“But with a magazine that will be the authoritative source of anything that goes on in the House – motions being moved, bills being passed, national issues being discussed and constituency projects – the public will be better informed on the activities of the House, and this will in turn reflect in an improved public perception.
“In addition, it will help the House to tell its own story, rather than relying on others to take charge of their narrative. It is said that no one can tell your story better than you.”
Even from that venue there emerged strong disagreements. The Guest lecturer seems to be saying that these legislators are motivated by cash. Just like the guest speaker said, Nigerians know that the legislators see Nigeria as a cash cow.
Perhaps, that true reflection of the National Assembly as being cash driven informed the mindset of the former Director of Kenya’s Anti-Corruption Commission and Director of the Kenya School of Laws, Prof Patrick Lumumba, who was a keynote speaker at the event, who then asked if the lawmakers were following the footsteps of Nigeria’s founding fathers who, he said, had a clear vision for the country.
He said, “I read your great founding leaders. I read the works of Nnamdi Azikiwe and I listened to him in those early days. He was as eloquent as he was passionate in telling Nigerians and Africans – because he was called the Zik of Africa – that leadership is about service. This magazine is an occasion for you to demonstrate to Africa that you are servant-leaders.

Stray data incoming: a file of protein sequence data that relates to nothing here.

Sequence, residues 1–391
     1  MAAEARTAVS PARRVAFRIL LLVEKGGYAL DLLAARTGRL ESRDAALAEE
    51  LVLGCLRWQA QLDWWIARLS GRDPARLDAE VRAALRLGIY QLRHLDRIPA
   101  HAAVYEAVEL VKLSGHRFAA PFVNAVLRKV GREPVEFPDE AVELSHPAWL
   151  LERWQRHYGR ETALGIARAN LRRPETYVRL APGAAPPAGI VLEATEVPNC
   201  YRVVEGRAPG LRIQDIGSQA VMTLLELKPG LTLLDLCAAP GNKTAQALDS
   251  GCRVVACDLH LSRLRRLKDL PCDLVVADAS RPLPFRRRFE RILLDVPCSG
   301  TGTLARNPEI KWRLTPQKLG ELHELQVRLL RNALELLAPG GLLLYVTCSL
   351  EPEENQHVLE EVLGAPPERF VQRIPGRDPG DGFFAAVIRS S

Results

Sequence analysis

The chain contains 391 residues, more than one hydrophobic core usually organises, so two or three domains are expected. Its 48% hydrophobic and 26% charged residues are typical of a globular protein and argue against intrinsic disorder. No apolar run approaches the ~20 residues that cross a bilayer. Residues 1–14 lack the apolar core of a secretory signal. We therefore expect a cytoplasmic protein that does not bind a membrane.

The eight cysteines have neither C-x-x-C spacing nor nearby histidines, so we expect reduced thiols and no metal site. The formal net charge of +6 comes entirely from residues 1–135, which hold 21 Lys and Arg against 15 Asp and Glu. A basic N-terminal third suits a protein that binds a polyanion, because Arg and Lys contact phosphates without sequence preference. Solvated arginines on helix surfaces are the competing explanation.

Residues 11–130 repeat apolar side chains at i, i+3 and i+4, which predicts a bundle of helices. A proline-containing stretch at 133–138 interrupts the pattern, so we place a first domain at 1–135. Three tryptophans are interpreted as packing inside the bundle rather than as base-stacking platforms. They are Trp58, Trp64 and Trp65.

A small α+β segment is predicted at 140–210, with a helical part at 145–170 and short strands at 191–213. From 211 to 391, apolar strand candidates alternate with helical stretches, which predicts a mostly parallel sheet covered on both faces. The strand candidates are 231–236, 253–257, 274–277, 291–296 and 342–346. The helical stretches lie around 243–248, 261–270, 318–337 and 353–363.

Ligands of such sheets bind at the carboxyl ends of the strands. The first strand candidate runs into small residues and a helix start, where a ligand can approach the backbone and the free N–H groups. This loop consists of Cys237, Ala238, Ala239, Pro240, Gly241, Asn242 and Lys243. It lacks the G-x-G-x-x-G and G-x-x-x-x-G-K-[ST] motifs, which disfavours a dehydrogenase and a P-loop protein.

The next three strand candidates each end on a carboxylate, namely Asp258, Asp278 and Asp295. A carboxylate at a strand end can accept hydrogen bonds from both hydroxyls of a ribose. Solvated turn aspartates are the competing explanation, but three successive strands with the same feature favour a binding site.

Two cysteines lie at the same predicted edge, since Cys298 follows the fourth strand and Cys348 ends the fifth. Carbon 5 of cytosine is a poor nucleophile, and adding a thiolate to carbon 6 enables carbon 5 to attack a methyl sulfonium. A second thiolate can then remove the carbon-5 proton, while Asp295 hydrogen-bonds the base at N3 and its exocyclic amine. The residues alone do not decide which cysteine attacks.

“I did not only read about Nnamdi Azikiwe, I also read about Sir Abubakar Tafawa Balewa in his younger days – eloquent and passionate about Nigeria. You may not have agreed with all that he said and did, but you cannot deny the fact, the clarity of vision and the need for marshaling the people as the only antidote to the problems that have afflicted Nigeria, and by extension Africa.
“Now that you have been given the honour and privilege of serving Nigeria, now that Nigerians and Africans refer to you as honourable members, the question is: are you honourable members or horrible members? The question as to whether you are honourable members is determined by the service that you render to the people.”
The answers to the above interrogatories are notorious.
This is self-evident because over 90% of Nigerians view the current federal government officials as being very dishonest. So, the citizens simply laughed at the president for the above statement.
Yes! Mr. president’s statement defending the huge funding commitments to meet the running costs of the National Assembly does not meet the threshold of honesty because if you look at the decision of president Buhari to deprive Nigerians of the opportunity to buy foreign rice and then watch the same president allow the national assembly to buy multimillion dollars’ worth of foreign cars, all that you can say is that political hypocrisy is a religion amongst Nigerian political elite.
How can President Buhari banned importation of rice but permit importation of cars?
Why protect the agro-allied local industry but at the same time turn a blind eye to the need to protect the local automobile industry?
This is even as Kaduna and Nnewi in Anambra state have successful brands of strong automobiles but the National Assembly prefers to patronize foreigners rather than encourage local car builders to grow.
Look at this executive and legislative hypocrisy as follows: President Muhammadu Buhari last year, directed the Central Bank of Nigeria to block food importers’ requests for foreign currency in a bid to boost local agriculture in Africa’s most populous country.